To listen to the entire homily, click here.

Readings for Today

The choice must have raised eyebrows.  There was clearly grumbling.  People talked about it. There was grumbling.  After all, he was a tax collector.  He hung out with the wrong crowd.  He was beyond hope, wasn’t he? This becomes clear when we read today’s gospel.  Matthew was an unlikely choice to be an apostle.  But Jesus called him.  And Matthew followed.

Who is it we write off as beyond salvation? Who do we grumble against? In what way do we believe there are people who are too evil to be saved by Jesus? How is it we limit the power of Jesus?  Because when we believe that there are people who cannot follow Jesus, who cannot be saved, then we believe that Jesus is not powerful enough to change hearts.  And in doing that, we deny Jesus the chance to change our hearts.

Despair to Hope: Homily for Tuesday, September 19, 2017

To listen to the entire homily, click here.

Readings for today

Today we encounter a woman who is understandably in the depths of despair.  Her son is dead, and to make matters worse, she is a widow.  This parent must face the death of her son alone. Can there be any greater heartache to a parent than to lose their child? I cannot think of one. I bet most parents cannot think of one, either.

And yet, in the height of her sadness and loss, she encounters Jesus.  And as Jesus always does, Jesus brings life.  Sometimes in moments like today’s gospel, he does so in an easily observable way.  At other times, it is in the challenge that might mean initial sadness before receiving life.  Regardless, today we are all reminded that Jesus is the author and source of life.  Let Jesus raise life in you.

Introducing Jesus: Homily for Monday, September 18, 2017

To listen to the homily, click here.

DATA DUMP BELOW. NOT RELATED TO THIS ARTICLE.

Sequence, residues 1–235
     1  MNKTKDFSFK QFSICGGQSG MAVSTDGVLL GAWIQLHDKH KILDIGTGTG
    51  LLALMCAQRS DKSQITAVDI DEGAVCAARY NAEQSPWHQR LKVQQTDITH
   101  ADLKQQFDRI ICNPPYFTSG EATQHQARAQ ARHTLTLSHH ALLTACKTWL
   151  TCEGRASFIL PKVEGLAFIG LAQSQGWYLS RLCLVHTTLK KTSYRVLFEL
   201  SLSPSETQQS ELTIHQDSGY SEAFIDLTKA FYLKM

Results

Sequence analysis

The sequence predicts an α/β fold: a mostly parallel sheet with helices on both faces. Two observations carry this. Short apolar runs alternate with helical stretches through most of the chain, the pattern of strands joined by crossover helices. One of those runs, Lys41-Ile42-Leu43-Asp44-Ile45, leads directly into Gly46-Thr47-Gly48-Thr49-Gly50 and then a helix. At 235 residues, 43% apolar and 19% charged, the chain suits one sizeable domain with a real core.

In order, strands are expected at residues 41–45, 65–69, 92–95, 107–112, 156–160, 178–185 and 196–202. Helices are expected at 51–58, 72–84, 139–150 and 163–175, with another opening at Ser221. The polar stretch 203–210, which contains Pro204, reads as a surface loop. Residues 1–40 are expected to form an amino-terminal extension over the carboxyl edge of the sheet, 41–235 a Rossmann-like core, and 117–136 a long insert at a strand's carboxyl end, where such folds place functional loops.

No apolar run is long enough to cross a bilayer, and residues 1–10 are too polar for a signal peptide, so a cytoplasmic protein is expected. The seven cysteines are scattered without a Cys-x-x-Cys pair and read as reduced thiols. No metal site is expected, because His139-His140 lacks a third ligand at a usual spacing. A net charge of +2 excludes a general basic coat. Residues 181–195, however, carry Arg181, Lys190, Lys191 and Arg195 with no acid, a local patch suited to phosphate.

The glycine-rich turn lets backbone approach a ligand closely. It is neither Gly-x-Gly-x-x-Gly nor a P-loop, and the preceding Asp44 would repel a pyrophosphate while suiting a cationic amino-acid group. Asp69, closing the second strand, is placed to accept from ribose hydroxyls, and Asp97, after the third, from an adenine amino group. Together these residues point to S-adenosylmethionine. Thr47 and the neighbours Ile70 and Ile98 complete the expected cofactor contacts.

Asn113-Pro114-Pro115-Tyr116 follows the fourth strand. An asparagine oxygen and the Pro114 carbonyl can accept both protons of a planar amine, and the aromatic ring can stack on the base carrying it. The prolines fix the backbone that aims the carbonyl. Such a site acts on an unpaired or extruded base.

Readings for Today

Today’s gospel is interesting.  A Roman centurion, who appears not to have ever met Jesus, places great trust in him simply because others have told him about Jesus.  Wow.  Do you wonder who it was that first told him about Jesus? Who was the person who told him in such a tremendous way that he could believe in Jesus? Who created such great trust and faith that the centurion only needed Jesus to speak the word?

It does seem that we could do so much more in helping others come to know Jesus.  Do we talk about Jesus to others? Do we share what Jesus has done in our lives? Do we want others to get to know Jesus? Catholics do not often think of themselves as needing to evangelize, but in fact, it was one specific thing that Jesus told us to do.  Who in your life needs to know Jesus?

The Comfort of the Rosary: Homily for Friday, September 15, 2017

To listen to the entire homily, click here.

Readings for Today

Whenever I am in distress, I find the rosary a particularly helpful devotion. And today’s memorial tells us why.  Mary suffered.  She understands it.  And in her suffering, she provides a model: stay close to God and do what he says. So it only stands to reason that Mary would understand our suffering too.  And she would pray that her son would ease our suffering.

Every major religion in the world has some type of repetitive prayer. By praying the rosary, we are reminded of the events of salvation. We can meditate on what Jesus does for us.  And we can have the prayer from the woman who truly understands us.

Confrontation 2: Homily for Sunday, September 10, 2017

To listen to the homily, click here.

Readings for Today

For the second week in a row we find confrontation to be a theme.  Sometimes the loving action is to help someone to see the error of their ways.  And this is not usually easy.  People do not like to be corrected.  People do not like to have errors or sin pointed out. Which is why most of us avoid it.  It is easier to pretend the evil does not exist than it is to do the loving, yet difficult thing which is to help someone grow closer to Christ.

Fortunately the gospel provides an outline for success.  It helps us to see the steps we can take to confront in Christ.  The gospel helps us to use our personal relationship, the wisdom of the Church, and the love of Christ.